A within-subjects 2 (picture type: pleasant and neutral) × 2 (instruction type: positive and neutral) × 2 (gender: males and females) mixed-factors ANOVA included a total of 240 trials. As in previous research (Moser et al., 2006; Krompinger et al., 2008), the 240 trials within the experimental conditions were randomly separated into different blocks, resulting in two pleasant picture blocks (the valence and arousal rating of the pleasant images in the positive and neutral instruction conditions were matched) and two neutral picture blocks (the stimuli in each condition were match as well). To ensure enough time for participants to rest, each block was divided into four sub-blocks, which resulted in a total of 16 sub-blocks. Each sub-block contained 15 pictures (8 positive sub-blocks contained 13 erotic couples pictures and 2 sporting pictures, 8 neutral sub-blocks contained 13 household object pictures and 2 antique pictures). The serial position of the four experimental condition blocks and of the stimuli in each block were counterbalanced across participants.

Experimental Tasks and Procedures

Participants sat on a comfortable chair in front of a computer screen, which was located at eye level at a distance of 75 cm. After they finished the informed consent form, participants were attached to an electroencephalograph (EEG) sensor net and given the task instructions. Participants were told that prior to each picture, there would be a brief description about the upcoming picture. Then, participants were instructed to rate the valence of each proceeding picture on a 9-point scale: from 1 (very unpleasant) to 9 (very pleasant).

After a practice trial session, the formal experiment commenced, and all participants performed 16 sub-blocks with appropriate breaks. E-prime software was used to control the presentation and timing of all stimuli. As is shown in Figure 1, a fixation mark (+) was presented for 500 ms at the beginning of each trial to orient participants to the center of the screen. The brief description appeared 300–500 ms after the offset of the fixation cross and remained on the screen for 2000 ms. Thereafter, the target picture was presented for 1500 ms after a blank screen (randomized presentation between 1300 ms and 1500 ms). Next a prompt (“?”) appeared in the center of the screen, which cued participants to rate the valence of the picture. After a 1500 ms delay, the next trial began. Color images were 8 × 11 cm, and each picture occupied approximately 6° of the horizontal visual angle and 8.4° of the vertical visual angle (or approximately 8.4° horizontally and 6° vertically).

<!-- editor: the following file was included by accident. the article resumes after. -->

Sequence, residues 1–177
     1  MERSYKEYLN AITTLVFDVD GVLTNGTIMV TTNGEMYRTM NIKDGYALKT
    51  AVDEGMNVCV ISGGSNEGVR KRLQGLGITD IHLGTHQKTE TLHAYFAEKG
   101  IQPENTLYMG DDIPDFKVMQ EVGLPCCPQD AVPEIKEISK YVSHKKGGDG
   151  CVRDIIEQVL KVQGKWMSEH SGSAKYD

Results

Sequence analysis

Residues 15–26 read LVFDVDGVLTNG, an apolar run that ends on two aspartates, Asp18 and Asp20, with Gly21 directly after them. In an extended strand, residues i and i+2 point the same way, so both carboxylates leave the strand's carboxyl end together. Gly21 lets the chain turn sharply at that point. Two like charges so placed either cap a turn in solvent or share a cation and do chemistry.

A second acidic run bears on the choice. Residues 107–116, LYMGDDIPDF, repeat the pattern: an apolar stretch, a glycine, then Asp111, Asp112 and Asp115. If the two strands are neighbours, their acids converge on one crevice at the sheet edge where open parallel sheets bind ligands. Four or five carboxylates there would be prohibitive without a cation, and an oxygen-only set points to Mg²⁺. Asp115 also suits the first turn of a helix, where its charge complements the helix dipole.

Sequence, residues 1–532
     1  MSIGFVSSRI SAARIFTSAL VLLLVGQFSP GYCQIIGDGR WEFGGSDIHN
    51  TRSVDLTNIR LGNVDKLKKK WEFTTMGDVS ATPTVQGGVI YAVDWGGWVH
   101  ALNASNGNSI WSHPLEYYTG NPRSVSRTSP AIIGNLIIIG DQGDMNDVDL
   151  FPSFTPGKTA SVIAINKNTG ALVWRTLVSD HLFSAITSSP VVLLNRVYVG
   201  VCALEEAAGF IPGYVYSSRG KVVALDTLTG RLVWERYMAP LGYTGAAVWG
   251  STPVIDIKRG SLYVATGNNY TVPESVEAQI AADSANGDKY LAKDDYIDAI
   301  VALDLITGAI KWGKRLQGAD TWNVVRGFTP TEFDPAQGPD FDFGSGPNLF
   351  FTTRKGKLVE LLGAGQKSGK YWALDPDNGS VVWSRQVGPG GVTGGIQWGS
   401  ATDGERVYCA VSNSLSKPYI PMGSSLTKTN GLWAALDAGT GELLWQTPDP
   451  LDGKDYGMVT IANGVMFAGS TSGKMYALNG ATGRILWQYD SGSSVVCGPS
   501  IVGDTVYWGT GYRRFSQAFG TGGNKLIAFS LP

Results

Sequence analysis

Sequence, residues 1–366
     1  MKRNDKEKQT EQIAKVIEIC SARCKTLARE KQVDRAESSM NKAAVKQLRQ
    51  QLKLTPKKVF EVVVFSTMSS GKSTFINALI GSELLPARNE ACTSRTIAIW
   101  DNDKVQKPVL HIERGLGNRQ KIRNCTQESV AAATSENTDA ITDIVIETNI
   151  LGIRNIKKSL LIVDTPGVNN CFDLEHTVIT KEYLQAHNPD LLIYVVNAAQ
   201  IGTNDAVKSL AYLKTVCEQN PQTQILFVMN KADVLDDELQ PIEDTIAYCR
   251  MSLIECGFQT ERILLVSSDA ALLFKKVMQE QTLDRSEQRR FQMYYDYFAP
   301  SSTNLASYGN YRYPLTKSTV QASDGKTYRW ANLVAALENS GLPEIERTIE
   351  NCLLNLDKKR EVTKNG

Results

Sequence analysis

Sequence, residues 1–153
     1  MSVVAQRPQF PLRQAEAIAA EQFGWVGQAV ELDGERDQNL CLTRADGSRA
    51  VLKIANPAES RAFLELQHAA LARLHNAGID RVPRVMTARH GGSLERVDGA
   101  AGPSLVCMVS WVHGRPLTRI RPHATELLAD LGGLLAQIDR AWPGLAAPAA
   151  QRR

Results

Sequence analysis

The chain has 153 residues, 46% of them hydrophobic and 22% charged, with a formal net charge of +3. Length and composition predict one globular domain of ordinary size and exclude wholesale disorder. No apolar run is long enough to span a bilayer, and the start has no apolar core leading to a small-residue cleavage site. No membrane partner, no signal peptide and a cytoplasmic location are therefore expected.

FIGURE 1
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Figure 1. Experimental design for a single trial. To give an example, the neutral description for an erotic picture might be “This is a scene of Gaby and Hellen in the room,” the positive description for the same erotic picture might be “No matter where or when, the couple loves each other very much;” the neutral description for a neutral picture (e.g., a computer) might be “This desktop computer belongs to Dike and Amy,” the positive description for the same neutral picture might be “It is the computer that gave them a chance to know each other and fall in love.”

EEG Recording and Data Analysis

The Brain Products system (Brain Products GmbH, Munich, Germany) continuously recorded EEG signals from 64 scalp electrodes based on the 10–20 system, with two electrodes placed on the left and right mastoids. Eye blinks and movements were recorded on an electrooculograph (EOG) from four facial electrodes: two approximately 1 cm above and below the participants' left eye, one approximately 1 cm to the left of the left eye, and one approximately 1 cm to the right of the right eye. The EEG was sampled at 500 Hz. All EEG/EOG electrode impedances were below 5 KΩ. Off-line analysis of data was performed using Brain Vision Analyzer software (Brain Products). All data were re-referenced to the average of the two mastoid recordings and band-pass filtered with cutoffs of 0.1 and 30 Hz. The EEG was segmented for each trial, beginning 200 ms before each picture onset (which served as the baseline) and continuing for 1000 ms.

Based upon the suggestions from Krompinger et al. (2008), we measured mean amplitudes in three windows following stimulus onset: 150–200 ms (P2), 330–400 ms (P3), and 400–800 ms (slow wave). For each window, data analysis involved repeated-measure analysis of variance (ANOVA) with the factors picture type (pleasant vs. neutral), instruction type (positive vs. neutral) and gender (male vs. female) as the main factors. Significance level was set at p = 0.05 for all analyses. Post-hoc testing of significant main effects was conducted using the Bonferroni method. Significant interactions were analyzed using simple-effects models.

Results

Self-Reported Ratings Results